An annuity is not 100% safe, and only a portion is guaranteed by the state. Insurance companies can and do fail, and their assets may not be enough to pay the full value of their customers' investments.
Promissory notes are not insured by the FDIC or any other government agency and may be very risky.
Before consumers buy an annuity or any other investment, they should review it with people they know and trust, such as their CPA or attorney, and trusted family members.

An attorney qualified in estate planning can help consumers decide if they need a living trust or other estate planning documents, or help them review an existing trust or will.



The information presented on this site was prepared for general information purposes only and does not constitute legal advice. It should not be relied upon as a substitute for consulting with a licensed attorney in your state. The law is constantly changing. In addition, the information presented may not be up - to - date or 100% complete. Our attorneys are licensed to practice law in California and seek to represent clients only in California. Sending us an email or other communication does not create an attorney - client relationship. Only signing a retainer agreement will establish an attorney - client relationship. This is an advertisement.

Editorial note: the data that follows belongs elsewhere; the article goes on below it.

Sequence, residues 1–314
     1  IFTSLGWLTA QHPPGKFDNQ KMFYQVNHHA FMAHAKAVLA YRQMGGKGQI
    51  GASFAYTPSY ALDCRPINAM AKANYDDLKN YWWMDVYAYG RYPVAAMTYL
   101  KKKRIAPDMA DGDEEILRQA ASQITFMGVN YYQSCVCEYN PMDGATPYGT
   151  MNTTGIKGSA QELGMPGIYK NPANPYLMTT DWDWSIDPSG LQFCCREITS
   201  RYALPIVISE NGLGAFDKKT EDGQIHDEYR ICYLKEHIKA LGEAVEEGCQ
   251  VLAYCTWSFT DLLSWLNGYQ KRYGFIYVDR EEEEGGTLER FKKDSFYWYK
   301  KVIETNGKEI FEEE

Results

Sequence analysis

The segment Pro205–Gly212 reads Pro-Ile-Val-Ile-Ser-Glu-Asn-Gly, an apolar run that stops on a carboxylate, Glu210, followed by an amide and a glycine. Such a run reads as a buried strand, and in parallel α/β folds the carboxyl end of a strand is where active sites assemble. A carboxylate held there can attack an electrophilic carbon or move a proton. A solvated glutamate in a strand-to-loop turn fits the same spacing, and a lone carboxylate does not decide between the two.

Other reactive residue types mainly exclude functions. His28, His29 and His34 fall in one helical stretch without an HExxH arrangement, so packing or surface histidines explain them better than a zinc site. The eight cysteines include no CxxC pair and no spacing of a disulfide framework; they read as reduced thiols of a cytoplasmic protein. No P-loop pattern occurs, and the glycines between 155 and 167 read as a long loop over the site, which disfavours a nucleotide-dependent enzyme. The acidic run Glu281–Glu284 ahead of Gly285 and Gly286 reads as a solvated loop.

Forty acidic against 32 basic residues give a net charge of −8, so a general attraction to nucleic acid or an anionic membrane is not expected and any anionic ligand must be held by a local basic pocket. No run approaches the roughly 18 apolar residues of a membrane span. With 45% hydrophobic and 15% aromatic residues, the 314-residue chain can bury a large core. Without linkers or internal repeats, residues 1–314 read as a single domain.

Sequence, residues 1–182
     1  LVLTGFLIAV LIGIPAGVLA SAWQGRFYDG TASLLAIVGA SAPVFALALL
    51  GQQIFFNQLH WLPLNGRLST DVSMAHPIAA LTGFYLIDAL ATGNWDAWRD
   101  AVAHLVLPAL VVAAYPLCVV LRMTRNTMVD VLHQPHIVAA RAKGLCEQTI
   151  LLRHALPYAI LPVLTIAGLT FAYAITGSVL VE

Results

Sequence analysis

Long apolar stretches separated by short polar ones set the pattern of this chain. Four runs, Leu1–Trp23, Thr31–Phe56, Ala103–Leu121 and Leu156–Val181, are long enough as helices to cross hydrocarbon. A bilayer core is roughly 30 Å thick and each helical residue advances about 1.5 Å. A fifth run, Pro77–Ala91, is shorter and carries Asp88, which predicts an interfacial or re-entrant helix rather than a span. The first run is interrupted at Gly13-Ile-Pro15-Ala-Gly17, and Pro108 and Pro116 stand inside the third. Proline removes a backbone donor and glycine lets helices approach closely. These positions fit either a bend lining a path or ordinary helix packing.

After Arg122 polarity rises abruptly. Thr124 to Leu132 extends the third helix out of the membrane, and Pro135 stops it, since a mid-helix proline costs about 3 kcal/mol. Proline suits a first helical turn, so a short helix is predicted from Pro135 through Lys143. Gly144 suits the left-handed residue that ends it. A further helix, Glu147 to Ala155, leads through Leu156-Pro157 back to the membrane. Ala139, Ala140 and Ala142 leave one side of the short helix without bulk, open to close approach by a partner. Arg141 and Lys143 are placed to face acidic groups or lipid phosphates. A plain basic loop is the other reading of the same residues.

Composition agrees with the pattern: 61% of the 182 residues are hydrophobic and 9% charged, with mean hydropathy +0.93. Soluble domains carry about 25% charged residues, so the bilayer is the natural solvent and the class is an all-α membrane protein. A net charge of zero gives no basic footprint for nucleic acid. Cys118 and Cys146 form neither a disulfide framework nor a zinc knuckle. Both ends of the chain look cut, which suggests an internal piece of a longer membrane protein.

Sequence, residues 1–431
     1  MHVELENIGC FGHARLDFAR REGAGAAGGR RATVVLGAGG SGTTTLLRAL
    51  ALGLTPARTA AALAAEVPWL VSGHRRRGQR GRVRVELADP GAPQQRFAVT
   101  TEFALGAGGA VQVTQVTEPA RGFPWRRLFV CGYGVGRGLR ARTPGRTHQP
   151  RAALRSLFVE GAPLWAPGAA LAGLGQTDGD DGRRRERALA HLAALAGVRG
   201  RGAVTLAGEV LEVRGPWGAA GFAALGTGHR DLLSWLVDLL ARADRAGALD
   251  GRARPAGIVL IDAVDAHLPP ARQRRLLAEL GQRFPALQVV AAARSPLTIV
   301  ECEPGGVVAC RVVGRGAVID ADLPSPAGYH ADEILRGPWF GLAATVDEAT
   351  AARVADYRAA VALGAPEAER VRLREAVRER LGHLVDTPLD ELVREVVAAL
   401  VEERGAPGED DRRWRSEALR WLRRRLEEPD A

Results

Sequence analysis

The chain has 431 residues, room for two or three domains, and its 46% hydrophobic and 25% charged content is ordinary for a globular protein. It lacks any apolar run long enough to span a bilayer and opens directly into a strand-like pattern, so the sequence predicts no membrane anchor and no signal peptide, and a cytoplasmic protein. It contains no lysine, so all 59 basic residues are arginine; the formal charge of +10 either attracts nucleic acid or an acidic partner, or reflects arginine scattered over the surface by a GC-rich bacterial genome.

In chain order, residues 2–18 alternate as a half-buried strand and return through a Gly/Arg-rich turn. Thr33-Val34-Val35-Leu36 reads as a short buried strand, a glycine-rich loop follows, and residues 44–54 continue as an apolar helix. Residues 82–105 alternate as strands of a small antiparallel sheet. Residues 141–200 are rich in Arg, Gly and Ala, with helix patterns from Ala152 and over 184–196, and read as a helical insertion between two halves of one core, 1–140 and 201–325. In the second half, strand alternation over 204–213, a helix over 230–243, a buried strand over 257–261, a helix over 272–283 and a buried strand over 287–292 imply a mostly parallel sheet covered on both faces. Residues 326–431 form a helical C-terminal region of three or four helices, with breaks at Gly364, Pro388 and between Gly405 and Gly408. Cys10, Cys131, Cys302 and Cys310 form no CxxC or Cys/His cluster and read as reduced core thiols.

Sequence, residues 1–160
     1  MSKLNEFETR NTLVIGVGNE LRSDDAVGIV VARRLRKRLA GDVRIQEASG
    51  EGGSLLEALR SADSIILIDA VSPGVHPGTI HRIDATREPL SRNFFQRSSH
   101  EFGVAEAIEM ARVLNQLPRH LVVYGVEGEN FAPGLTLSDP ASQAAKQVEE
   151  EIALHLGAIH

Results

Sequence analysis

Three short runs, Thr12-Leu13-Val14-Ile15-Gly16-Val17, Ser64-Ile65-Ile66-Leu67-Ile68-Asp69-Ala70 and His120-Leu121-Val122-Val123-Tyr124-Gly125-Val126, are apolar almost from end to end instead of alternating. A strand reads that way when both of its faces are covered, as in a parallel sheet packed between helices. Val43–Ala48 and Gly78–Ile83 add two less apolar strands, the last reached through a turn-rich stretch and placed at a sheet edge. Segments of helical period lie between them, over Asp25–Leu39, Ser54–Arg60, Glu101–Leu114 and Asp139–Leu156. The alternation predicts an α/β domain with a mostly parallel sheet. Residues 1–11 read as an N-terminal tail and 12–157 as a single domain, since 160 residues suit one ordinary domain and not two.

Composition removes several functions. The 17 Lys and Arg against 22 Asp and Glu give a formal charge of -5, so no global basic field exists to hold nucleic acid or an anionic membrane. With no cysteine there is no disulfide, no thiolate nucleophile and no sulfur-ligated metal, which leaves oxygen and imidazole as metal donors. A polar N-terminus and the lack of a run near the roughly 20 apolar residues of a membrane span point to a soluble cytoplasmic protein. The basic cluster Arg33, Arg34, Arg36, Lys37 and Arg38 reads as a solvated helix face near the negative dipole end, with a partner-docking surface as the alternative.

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Los Angeles County:

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Orange County: